Vialet A.,Institute Of Paleontologie Humaine |
Guipert G.,Antenne Of Linstitut Of Paleontologie Humaine |
Jianing H.,Beihang University |
Xiaobo F.,CAS Institute of Vertebrate Paleontology and Paleoanthropology |
And 5 more authors.
Comptes Rendus - Palevol | Year: 2010
Recent applications of 3D virtual imaging techniques in human palaeontology have increased the possibilities and the accuracy of anthropological analysis. Two examples are given for the reconsideration of fossils discovered more than 20 years ago, thanks to this new technology. The Lower and Middle Pleistocene skulls from Yunxian and Nankin in China, which were damaged in the process of fossilization, have been virtually reconstructed. A detailed reinvestigation has been conducted by considering those reconstructed skulls and their unpublished characters (i.e., inner anatomical features inaccessible until now). The results of this analysis provide new information about the early hominids of China and contribute to the discussion of variability in Homo erectus. © 2010 Académie des sciences.
Bocherens H.,University of Tübingen |
Drucker D.G.,University of Tübingen |
Germonpre M.,Royal Belgian Institute Of Natural Sciences |
Laznickova-Galetova M.,University of West Bohemia |
And 7 more authors.
Quaternary International | Year: 2015
The Gravettian site of Předmostí I in the central Moravian Plain has yielded a rich and diverse large mammal fauna dated around 25-27,000 14CyearsBP (ca. 29,500-31,500calBP). This fauna includes numerous carnivores (cave lion, wolf, brown bear, polar fox, wolverine) and herbivores (reindeer, large bovine, red deer, muskox, horse, woolly rhinoceros, woolly mammoth) whose trophic position could be reconstructed using stable isotopic tracking (δ13C, δ15N, δ34S) of bone collagen (n=63). Among large canids, two morphotypes, "Pleistocene wolves" and "Palaeolithic dogs", were considered, and two human bones attributed to the Gravettian assemblage of Předmostí I were also sampled. The trophic system around the Gravettian settlement of Předmostí I showed the typical niche partitioning among herbivores and carnivores seen in other mammoth-steppe contexts. The contribution of the analyzed prey species to the diet of the predators, including humans, was evaluated using a Bayesian mixing model (SIAR). Lions included great amounts of reindeer/muskox and possibly bison in their diet, while Pleistocene wolves were more focused on horse and possibly mammoth. Strong reliance on mammoth meat was found for the human of the site, similarly to previously analyzed individuals from other Gravettian sites in Moravia. Interestingly, the large canids interpreted as "Palaeolithic dogs" had a high proportion of reindeer/muskox in their diet, while consumption of mammoth would be expected from the availability of this prey especially in case of close interaction with humans. The peculiar isotopic composition of the Palaeolithic dogs of Předmostí I may indicate some control of their dietary intake by Gravettian people, who could have use them more for transportation than hunting purpose. © 2014 Elsevier Ltd and INQUA.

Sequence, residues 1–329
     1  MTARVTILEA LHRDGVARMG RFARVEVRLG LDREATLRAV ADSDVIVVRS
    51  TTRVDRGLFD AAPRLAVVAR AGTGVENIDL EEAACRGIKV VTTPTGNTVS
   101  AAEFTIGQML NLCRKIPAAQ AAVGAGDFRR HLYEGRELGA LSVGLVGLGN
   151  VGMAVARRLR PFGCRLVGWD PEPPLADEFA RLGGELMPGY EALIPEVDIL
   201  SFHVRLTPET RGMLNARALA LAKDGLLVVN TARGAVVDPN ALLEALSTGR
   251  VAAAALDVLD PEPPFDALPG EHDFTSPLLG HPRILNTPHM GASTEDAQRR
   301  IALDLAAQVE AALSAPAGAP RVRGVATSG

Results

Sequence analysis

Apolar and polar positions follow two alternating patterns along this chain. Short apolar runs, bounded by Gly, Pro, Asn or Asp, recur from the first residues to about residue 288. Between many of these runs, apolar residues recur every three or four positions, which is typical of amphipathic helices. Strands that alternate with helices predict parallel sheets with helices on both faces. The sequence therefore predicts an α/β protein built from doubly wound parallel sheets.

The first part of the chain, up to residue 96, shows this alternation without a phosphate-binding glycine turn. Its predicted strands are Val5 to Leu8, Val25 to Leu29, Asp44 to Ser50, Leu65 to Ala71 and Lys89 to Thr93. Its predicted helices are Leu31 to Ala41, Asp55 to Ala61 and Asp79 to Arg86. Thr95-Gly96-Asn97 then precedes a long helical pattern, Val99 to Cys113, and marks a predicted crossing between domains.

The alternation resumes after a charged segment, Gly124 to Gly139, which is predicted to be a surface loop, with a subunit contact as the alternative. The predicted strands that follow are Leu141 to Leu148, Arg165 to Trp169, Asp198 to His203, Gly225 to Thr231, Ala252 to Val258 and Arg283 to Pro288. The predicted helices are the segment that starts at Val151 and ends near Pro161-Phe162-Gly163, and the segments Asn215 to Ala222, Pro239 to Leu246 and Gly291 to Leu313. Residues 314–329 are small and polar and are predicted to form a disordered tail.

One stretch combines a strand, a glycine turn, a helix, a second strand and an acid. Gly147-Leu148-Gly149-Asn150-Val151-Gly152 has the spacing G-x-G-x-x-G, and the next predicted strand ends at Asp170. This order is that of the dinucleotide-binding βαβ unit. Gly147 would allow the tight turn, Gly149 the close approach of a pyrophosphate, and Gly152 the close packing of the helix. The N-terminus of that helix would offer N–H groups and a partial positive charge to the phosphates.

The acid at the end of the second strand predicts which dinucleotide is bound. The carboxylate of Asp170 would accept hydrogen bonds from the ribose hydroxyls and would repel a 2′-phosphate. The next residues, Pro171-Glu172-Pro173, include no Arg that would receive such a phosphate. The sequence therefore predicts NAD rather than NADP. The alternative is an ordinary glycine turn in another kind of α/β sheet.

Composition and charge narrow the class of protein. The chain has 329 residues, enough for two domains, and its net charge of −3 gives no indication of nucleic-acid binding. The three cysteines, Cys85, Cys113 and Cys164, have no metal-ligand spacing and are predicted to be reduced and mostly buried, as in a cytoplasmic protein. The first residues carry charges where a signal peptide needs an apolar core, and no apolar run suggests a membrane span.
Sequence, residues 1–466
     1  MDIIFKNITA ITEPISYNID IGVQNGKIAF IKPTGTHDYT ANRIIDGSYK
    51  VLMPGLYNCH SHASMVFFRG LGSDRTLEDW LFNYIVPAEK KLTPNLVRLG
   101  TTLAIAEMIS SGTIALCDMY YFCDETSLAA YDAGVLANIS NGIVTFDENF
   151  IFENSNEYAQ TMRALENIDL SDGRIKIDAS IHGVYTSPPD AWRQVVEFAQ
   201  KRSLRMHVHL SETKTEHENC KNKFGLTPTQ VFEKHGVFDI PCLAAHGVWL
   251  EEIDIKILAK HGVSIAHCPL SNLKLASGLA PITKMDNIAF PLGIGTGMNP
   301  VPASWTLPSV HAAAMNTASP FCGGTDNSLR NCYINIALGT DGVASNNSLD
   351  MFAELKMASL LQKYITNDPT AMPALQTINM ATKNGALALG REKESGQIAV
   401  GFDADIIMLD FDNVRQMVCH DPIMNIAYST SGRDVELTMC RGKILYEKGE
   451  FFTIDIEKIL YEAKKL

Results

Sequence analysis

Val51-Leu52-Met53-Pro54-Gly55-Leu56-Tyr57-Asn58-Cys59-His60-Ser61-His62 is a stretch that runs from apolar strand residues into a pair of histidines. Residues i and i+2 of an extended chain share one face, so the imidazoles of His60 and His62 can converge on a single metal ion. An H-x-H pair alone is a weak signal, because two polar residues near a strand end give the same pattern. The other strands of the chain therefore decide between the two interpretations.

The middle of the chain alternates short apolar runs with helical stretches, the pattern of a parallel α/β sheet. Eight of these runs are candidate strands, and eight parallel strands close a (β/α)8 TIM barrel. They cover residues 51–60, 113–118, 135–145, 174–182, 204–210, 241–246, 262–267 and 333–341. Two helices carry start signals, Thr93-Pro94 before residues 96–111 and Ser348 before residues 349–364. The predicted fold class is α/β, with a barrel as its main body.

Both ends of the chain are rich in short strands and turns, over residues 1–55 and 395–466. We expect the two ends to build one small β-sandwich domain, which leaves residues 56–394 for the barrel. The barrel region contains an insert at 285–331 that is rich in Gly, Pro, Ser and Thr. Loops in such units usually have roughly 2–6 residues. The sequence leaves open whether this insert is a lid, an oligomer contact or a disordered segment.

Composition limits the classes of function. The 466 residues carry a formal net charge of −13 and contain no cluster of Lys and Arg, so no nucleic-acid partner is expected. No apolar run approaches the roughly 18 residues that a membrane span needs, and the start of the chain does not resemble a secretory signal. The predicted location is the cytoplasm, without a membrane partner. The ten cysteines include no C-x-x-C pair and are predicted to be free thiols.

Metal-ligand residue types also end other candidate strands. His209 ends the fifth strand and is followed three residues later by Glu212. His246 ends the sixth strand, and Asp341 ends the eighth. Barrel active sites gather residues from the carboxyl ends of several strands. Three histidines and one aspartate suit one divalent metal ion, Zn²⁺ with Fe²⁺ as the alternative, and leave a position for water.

Vialet A.,Institute Of Paleontologie Humaine |
Guipert G.,Antenne Of Linstitut Of Paleontologie Humaine |
Cihat Alcicek M.,Pamukkale University
Comptes Rendus - Palevol | Year: 2012
Few human fossils are known in Turkey and no Homo erectus has been discovered until now. In this respect, the newly discovered partial skull from Kocabaş is very important: (1) to assess the pattern of the first settlements throughout the Old World; and (2) to document the extension of the species H. erectus to the west of continental Asia. Using CT data and 3D imaging techniques, this specimen was reconstructed and a more detailed analysis was done, including the inner anatomical features. The preliminary results of this study highlight that the fossil hominid from Kocabaş is close to the H. erectus species regarding the following cranial patterns: presence of a clear post-orbital constriction, strong development of the frontal brow-ridge with a depressed supratoral area in the lateral part, as well as endocranial patterns such as the development and orientation of the middle meningeal artery and the presence of a frontal bec. The Kocabaş skull is morphologically very close to the fossils from Zhoukoudian L-C. The partial Kocabaş skull is the oldest H. erectus known in Turkey and the only one from this species to have settled so far west in Asia. © 2011.
Lebatard A.-E.,Aix - Marseille University |
Alcicek M.C.,Pamukkale University |
Rochette P.,Aix - Marseille University |
Khatib S.,French National Center for Scientific Research |
And 9 more authors.
Earth and Planetary Science Letters | Year: 2014